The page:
Felipe Alou and Orlando Cepeda know how far young players have come learning English

Felipe Alou and Orlando Cepeda knew little English when they arrived in the minor leagues in the mid-1950s, putting them among the first wave of Spanish-speaking players thrown into a different culture to play professional baseball, build new lives and send money back home.

It was their chance to make it in the sport they loved, provided they could overcome challenges that often extended beyond the field.

Early on, well before blossoming into a Hall of Famer, Cepeda was told by a manager to go home to Puerto Rico and learn English before coming back to his career in the U.S. Alou had similar experiences and forced himself to speak some English when he arrived from the Dominican Republic, yet he still lacked confidence in the language.

"Coming here my first year, everything was a novelty to me, a surprise," Cepeda recalled. "When I came to Virginia, I was there for one month and my father died. My dad said, 'I want to see my son play pro ball,' and he died the day before I played my first game in Virginia."

"From there I went to Puerto Rico and when I came back here, I had to come back because we didn't have no money and my mother said, 'You've got to go back and send me money, we don't have money to eat,'" he said.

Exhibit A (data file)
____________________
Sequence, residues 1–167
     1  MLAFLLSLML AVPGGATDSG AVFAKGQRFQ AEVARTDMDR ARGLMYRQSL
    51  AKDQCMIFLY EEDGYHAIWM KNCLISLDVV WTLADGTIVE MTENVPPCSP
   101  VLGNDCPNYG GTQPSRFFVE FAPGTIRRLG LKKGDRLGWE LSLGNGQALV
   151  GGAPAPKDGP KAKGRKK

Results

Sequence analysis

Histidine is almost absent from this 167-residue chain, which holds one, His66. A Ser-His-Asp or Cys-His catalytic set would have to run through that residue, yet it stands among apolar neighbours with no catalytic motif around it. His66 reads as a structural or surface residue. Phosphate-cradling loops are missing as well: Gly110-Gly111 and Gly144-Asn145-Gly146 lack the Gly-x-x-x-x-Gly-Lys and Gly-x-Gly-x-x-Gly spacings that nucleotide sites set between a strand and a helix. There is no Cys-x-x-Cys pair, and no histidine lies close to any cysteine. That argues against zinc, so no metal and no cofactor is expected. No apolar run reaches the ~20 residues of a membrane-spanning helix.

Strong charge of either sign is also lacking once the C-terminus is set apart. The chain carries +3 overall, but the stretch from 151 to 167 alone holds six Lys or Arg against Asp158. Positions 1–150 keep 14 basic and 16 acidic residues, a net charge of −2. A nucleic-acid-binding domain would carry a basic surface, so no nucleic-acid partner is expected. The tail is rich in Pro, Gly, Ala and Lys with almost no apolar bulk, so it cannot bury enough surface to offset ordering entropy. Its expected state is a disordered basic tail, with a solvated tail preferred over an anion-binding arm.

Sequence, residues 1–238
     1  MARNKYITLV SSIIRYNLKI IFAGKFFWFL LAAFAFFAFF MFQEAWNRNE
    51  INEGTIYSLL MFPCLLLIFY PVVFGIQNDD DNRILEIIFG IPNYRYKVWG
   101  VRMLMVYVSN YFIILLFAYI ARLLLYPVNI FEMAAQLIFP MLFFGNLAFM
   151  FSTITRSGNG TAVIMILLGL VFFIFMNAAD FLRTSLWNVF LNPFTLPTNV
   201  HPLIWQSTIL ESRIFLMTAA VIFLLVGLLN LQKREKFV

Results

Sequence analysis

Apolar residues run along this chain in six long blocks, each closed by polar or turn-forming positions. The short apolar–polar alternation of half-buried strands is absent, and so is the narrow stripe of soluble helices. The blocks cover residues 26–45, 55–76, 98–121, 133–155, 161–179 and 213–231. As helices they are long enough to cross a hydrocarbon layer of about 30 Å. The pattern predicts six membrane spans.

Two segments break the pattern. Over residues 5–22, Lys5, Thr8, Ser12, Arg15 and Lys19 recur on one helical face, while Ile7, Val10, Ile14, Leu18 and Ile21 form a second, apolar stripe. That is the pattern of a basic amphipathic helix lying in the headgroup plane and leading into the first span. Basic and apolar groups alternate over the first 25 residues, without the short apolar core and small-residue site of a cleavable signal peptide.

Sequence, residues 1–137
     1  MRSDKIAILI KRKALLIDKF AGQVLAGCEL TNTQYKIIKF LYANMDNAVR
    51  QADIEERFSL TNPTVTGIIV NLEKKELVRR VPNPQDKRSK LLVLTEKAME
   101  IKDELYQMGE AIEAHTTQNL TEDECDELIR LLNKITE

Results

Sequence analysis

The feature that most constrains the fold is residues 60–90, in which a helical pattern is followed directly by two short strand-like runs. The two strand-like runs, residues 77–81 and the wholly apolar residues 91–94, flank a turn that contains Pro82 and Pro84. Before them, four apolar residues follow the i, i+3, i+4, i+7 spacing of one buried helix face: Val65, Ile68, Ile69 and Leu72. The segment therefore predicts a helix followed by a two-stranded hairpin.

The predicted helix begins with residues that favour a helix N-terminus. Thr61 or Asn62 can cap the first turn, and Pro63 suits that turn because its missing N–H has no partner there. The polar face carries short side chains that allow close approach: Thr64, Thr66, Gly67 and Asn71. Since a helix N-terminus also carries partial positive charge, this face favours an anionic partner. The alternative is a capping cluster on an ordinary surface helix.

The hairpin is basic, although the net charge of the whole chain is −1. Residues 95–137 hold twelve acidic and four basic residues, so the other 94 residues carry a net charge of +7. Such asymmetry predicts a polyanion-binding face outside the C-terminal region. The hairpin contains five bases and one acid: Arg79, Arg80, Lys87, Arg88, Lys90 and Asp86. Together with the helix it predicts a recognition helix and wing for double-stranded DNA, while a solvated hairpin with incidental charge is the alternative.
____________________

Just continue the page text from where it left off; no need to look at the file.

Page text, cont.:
That was a common sentiment then, and is often still the case nearly 60 years later.

Both of these longtime baseball men are encouraged to see so many young players from Latin America now arriving in the United States with better English skills, thanks in large part to all 30 major league organizations putting more emphasis into such training through academies in the Dominican and Venezuela.

There also are English classes offered to young players during spring training and into extended spring, plus through the various levels of the minor leagues.

Every big league club now has an academy in the Dominican.

"Of course, we didn't have those opportunities," said Alou, who managed the Expos and Giants. "Usually, when we came, we were a little older than what the average kid is now. We had played more baseball."

"We were more mature, but we didn't know English and we didn't know the racial problems. We didn't know American culture. We didn't know about the food. Now the kids that come over, they have been exposed to America because the American coaches go to the academies," he said.